Care home visiting restrictions in pandemic ‘cruel and punitive’, inquiry hears

Restrictions on families visiting their loved ones in care homes during the pandemic felt cruel and punitive, the UK Covid-19 Inquiry has heard.

The inquiry was told there had been more than 50,000 deaths related to the virus in care homes across the UK in the pandemic.

The first preliminary hearing for the inquiry’s investigation into the care sector – module six – was being held in London on Tuesday.

Public hearings where evidence is heard are not expected for this module until spring 2025.

Listing official figures recorded for care home residents across the four nations in slightly varying time periods between 2020 and 2022, she said there were more than 50,000 deaths related to Covid-19.

Ms Carey said: “The decisions that may have contributed to those figures will doubtless be examined in module six. But it is not just a question of statistics and data.

“Each number represents the loss of a loved one, often, as we will hear, in circumstances where they were not accompanied by family and friends saying goodbye at bedsides, but they died surrounded by PPE (personal protective equipment) and by the imposition of visiting restrictions which prevented or inhibited them dying in the company and presence of those who loved them.

“And so, whilst those tragic statistics from care homes may have made the headlines, the impact of the pandemic was felt not just in residential and care homes but also more widely across the adult social care sector.”

Module six is set to examine the impact of the pandemic on the publicly and privately-funded adult social care sector in England, Wales, Scotland and Northern Ireland – considering the consequences of government decision-making on those living and working in the sector.

The scope will include adult care and residential homes including care provided in the home – known as domiciliary care, and will look at the care of adults of all ages in the sector, rather than solely the elderly.

It will consider decisions taken to free up capacity in hospitals by discharging patients into adult care and residential homes and the capacity of the sector to respond to the pandemic.

In looking at the management of the pandemic in such settings, the inquiry will consider infection prevention and control measures, Covid-19 testing, the availability and adequacy of PPE, and restrictions on access by and to healthcare professionals and visits from loved ones.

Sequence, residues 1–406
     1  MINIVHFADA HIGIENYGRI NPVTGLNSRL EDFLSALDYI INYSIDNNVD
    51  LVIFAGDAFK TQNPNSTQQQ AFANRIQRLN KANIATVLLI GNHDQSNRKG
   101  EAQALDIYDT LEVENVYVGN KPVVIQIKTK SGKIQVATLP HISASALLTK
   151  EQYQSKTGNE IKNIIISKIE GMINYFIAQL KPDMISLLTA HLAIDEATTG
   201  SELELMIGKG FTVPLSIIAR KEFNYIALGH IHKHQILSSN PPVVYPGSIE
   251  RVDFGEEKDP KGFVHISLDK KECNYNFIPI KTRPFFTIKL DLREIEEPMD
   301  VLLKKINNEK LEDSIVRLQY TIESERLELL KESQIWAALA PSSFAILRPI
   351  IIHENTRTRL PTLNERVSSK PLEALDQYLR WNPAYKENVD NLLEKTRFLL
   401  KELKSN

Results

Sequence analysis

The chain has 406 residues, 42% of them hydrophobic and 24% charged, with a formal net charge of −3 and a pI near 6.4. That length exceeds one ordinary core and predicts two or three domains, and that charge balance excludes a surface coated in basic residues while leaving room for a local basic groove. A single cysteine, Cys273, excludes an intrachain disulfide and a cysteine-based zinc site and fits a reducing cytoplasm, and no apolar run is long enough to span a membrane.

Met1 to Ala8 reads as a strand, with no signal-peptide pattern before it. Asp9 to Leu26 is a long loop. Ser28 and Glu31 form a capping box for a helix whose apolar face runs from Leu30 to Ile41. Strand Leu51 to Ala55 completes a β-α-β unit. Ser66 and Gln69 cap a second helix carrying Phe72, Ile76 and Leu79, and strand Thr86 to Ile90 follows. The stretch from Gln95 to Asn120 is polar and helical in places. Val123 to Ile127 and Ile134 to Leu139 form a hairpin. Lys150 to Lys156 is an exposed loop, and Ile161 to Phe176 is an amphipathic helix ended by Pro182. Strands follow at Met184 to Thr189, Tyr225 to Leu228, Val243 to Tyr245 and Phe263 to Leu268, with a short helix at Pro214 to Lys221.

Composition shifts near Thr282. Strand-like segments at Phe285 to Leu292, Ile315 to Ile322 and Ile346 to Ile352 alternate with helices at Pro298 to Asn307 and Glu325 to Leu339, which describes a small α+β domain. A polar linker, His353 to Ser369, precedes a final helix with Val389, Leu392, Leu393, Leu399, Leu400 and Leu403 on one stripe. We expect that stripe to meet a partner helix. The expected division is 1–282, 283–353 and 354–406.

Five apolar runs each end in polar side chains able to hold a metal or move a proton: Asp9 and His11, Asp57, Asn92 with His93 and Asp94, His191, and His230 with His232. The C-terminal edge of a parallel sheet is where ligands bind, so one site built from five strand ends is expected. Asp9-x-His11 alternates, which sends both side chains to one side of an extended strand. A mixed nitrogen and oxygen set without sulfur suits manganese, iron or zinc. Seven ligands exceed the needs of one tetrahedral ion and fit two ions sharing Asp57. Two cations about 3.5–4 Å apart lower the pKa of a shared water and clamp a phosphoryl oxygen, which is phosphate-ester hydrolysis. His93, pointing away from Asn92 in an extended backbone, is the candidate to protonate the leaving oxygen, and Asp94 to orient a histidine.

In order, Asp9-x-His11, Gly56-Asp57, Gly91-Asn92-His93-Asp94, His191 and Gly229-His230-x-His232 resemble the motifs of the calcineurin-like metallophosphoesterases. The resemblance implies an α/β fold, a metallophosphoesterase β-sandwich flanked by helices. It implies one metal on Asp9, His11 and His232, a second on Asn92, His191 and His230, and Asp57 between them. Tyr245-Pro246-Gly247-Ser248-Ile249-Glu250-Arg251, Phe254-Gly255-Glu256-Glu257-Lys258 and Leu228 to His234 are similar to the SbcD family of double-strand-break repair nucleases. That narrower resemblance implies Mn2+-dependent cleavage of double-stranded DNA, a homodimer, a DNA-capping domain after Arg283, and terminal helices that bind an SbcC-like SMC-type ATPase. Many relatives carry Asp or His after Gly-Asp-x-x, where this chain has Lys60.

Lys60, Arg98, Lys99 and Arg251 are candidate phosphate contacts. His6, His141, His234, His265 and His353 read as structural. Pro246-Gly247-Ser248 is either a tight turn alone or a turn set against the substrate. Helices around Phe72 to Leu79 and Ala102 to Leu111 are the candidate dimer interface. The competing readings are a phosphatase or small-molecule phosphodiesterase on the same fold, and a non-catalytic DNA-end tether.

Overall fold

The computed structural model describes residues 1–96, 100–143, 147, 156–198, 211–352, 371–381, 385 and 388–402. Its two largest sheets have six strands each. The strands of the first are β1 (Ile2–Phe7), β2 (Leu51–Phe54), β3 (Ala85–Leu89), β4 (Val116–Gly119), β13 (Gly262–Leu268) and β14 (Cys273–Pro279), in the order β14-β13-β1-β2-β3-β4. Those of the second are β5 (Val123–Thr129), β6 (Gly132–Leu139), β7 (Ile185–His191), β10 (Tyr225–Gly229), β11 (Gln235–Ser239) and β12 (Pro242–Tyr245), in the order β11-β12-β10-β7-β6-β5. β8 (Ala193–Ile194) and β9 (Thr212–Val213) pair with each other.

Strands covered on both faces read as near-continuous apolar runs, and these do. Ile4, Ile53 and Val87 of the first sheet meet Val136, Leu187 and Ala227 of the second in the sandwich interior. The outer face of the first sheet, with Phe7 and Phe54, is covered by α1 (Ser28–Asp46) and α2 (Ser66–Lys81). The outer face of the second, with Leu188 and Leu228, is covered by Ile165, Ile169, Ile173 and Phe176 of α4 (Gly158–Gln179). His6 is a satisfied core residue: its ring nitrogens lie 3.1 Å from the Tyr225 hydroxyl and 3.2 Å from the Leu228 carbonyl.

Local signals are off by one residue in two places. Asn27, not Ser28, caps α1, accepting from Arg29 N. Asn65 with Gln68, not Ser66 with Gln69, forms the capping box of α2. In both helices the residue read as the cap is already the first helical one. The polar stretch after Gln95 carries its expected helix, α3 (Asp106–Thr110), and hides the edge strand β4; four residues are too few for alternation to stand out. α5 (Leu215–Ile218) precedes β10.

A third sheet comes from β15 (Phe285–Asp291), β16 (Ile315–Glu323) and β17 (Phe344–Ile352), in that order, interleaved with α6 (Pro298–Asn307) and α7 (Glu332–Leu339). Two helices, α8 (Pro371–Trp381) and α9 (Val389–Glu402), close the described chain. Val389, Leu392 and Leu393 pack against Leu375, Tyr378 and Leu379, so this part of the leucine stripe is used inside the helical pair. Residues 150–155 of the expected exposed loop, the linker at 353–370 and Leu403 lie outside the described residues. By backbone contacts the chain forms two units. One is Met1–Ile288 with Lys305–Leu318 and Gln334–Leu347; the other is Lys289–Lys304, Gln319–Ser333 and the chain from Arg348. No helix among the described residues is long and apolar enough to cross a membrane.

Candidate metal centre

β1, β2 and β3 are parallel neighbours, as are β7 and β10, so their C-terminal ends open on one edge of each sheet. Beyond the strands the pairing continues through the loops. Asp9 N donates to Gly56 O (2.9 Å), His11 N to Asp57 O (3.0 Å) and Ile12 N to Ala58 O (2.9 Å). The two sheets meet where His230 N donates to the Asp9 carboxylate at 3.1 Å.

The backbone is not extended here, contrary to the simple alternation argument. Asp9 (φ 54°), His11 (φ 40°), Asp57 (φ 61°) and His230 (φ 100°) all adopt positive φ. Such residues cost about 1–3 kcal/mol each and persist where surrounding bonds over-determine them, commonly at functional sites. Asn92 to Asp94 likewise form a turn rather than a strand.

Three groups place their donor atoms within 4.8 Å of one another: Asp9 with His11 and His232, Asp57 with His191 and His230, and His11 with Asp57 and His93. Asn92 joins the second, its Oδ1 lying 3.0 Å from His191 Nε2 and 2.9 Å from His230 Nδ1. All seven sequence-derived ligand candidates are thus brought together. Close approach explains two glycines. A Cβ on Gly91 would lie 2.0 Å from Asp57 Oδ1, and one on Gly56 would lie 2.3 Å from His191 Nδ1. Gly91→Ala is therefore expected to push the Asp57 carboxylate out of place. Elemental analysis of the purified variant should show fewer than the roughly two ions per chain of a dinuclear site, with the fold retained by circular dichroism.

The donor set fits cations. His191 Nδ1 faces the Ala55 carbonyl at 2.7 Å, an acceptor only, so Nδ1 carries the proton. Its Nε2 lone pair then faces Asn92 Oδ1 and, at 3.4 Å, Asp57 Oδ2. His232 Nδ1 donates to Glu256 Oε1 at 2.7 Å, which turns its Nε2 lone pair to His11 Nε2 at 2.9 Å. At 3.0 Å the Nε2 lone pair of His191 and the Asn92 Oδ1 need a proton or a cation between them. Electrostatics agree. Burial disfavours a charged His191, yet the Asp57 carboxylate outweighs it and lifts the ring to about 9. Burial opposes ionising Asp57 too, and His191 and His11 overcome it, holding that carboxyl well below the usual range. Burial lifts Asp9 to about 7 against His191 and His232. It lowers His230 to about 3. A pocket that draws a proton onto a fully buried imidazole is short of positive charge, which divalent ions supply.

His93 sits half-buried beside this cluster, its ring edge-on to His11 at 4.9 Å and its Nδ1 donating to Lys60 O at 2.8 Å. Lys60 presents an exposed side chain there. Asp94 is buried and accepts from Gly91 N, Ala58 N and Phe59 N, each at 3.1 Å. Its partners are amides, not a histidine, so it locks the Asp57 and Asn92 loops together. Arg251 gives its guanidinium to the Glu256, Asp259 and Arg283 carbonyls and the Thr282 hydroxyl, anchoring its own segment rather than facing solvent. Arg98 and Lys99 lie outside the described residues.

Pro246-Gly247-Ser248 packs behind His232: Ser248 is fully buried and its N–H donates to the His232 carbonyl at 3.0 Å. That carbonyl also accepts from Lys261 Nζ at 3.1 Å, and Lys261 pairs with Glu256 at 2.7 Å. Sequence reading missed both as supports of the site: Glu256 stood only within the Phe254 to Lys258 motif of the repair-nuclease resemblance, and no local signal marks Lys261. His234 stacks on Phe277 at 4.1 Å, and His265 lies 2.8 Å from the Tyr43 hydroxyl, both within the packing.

Anna Morris KC, representing Covid Bereaved Families for Justice (CBFFJ), said the issue of visiting restrictions was “a matter of utmost public concern during the pandemic and is a matter of great concern to our families”.

Urging it to be considered as a distinct issue, she told the hearing: “At its heart, the issue underlines the importance of family, community and dignity in death and bereavement during a pandemic.

“But, given the obvious impact on residents who were particularly vulnerable when not receiving visits from their loved ones, such as those with dementia or learning disabilities, the inquiry is invited to include visits from loved ones as a distinct issue, and not only as an aspect of infection prevention and control.”

She told the hearing: “In many cases, the restrictions imposed on visiting were cruel and felt punitive and failed to take into consideration the real importance of family relations and social interaction.”

The module will also consider the use of Do Not Attempt Cardiopulmonary Resuscitation (DNACPRs) notices and communication with residents and their loved ones about a resident’s condition and treatment including discussions and decisions about such notices.

Jane Townson, on behalf of the National Care Forum, Homecare Association, and Care England, urged the inquiry to extend the scope of module six “beyond residential care homes and a limited view of home care”.

She said social care “encompasses a broad and complex spectrum of community-based services, supported housing, assisted living, and home care for individuals of all ages, with a wide range of needs, including physical disabilities, learning disabilities, autism, mental health conditions, brain injuries, and more”.

A failure to investigate these experiences alongside the workforce which supported them “would be a grave oversight, undermining the very purpose of this inquiry”, she added.

Ms Carey said while it might be that “the pandemic threw a harsh and painful light on issues such as pre-pandemic underfunding, and the undervaluing of the adult social care sector”, the module is not focused on those “wide-reaching and historic concerns and problems” but rather on the specific impact of the pandemic.

Samuel Jacobs, on behalf of the Trades Union Congress (TUC), said this approach “is mistaken”.

“At the very least, we urge this module to gather the evidence and for you, my Lady, to proceed with an open mind,” he said.

“The conclusion of a full and fearless inquiry might ultimately be that the roof needs to be fixed. That a problem is historic does not mean that it is not relevant to pandemic response and it may mean that a recommendation addressing it is desperately needed.”

As the hearing concluded, inquiry chairwoman Baroness Heather Hallett said she will issue her determination on the module’s scope once she has considered both the oral and written submissions from core participant groups.

– Advertisement –
– Advertisement –